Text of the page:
Camilla Adelle and Sabine Weiland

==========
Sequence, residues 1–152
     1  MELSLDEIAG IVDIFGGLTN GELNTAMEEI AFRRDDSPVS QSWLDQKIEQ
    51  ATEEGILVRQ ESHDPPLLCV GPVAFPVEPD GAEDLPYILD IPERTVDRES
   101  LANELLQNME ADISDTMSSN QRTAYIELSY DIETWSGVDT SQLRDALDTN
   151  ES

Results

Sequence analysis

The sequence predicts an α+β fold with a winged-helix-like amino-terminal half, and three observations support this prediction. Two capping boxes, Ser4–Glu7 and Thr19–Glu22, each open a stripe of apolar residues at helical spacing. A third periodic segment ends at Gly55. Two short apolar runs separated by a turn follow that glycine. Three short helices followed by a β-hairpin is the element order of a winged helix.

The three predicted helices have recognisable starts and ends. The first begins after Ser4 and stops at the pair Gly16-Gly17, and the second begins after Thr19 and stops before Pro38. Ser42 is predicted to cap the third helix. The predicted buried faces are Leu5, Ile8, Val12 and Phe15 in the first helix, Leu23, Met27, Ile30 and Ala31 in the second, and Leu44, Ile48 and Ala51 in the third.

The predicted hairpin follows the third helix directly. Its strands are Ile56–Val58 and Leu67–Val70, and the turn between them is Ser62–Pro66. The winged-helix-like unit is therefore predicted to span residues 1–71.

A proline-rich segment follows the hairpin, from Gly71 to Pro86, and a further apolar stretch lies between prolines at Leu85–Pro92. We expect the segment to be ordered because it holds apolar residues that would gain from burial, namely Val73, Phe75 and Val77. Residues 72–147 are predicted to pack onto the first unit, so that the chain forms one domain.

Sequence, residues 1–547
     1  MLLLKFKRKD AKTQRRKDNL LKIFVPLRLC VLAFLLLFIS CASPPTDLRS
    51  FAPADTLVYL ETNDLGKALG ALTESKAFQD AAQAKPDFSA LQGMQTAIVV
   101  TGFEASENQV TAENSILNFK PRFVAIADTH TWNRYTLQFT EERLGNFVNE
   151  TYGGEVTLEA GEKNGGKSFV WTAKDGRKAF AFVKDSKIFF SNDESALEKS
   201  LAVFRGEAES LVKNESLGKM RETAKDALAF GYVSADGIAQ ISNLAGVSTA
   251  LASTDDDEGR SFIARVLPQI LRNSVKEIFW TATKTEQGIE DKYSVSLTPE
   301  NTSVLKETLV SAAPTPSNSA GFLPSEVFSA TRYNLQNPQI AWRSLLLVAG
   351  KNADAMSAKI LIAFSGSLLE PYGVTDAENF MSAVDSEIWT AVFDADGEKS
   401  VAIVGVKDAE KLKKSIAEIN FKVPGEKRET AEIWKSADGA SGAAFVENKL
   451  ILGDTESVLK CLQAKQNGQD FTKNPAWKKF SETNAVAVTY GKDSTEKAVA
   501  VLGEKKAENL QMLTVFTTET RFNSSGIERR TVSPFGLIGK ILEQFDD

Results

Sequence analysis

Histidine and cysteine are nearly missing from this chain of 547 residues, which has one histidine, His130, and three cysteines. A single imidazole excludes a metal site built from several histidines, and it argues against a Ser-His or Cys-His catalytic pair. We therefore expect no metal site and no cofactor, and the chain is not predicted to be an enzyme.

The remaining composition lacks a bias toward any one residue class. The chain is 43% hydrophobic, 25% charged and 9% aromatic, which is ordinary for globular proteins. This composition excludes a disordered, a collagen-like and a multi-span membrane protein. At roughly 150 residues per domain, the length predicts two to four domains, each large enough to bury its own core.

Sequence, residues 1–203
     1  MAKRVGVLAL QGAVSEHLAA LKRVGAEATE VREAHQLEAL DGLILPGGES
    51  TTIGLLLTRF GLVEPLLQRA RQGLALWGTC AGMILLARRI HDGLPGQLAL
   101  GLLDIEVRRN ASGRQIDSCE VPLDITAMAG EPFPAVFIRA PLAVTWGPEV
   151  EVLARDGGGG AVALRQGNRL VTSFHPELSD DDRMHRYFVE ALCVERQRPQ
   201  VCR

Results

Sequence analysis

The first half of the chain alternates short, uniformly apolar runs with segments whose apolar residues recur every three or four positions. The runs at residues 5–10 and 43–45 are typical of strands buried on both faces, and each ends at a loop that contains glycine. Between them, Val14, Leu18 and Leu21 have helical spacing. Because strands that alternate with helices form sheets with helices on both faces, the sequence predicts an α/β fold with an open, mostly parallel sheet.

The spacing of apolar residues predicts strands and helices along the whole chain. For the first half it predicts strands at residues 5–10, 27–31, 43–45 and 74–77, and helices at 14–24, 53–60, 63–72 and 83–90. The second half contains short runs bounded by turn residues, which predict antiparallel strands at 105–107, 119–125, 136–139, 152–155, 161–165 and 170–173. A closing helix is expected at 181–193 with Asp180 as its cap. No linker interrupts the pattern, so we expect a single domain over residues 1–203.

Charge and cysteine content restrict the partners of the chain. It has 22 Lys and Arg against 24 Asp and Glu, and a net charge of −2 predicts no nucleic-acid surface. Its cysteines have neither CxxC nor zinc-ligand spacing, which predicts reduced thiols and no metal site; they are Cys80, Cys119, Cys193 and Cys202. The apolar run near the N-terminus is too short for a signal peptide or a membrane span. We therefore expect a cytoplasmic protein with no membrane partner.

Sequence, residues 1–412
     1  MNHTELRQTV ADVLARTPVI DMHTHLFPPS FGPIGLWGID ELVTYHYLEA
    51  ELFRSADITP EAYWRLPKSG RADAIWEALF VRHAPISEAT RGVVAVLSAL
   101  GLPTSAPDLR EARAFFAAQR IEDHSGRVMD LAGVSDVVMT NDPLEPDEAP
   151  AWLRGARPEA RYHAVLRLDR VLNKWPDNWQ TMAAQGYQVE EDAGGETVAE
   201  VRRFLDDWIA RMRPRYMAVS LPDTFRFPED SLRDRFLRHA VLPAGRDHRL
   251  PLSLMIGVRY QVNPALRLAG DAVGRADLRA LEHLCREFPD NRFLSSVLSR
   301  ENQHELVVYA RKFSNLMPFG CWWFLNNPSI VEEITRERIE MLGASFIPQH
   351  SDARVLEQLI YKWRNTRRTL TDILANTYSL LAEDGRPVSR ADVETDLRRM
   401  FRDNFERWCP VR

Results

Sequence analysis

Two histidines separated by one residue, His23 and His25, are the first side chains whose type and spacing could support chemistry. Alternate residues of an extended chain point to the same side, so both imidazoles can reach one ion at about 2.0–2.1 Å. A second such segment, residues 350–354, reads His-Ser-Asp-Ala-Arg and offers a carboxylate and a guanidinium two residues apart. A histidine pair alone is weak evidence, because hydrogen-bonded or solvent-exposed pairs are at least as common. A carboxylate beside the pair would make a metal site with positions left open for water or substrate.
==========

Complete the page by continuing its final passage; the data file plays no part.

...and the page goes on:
Policy assessment has spread rapidly around the world in the last few decades providing an opportunity for further innovation and understanding in the way in which assessment is conceived, practised and researched. The extension of assessment from project and programme level to policy level was in part intended to improve its effectiveness by moving the focus of study upstream in the policy-making process. The chapter reflects on the state of the art in policy assessment. It illustrates how the diffusion of policy assessment has led not to one standard ‘correct’ way of conducting policy assessment but to a great deal of diversity in how policy assessment is practised as well as researched and even theorized. Although the ‘textbook’ concept and everyday practices of policy assessment are based on a traditional rational linear concept of policy-making, policy assessment has become the latest arena for post-positivist conceptions of policy-making and assessment to resurface. The chapter suggests that the future agenda for both research and practices could – indeed should – attempt to straddle these two theoretical approaches.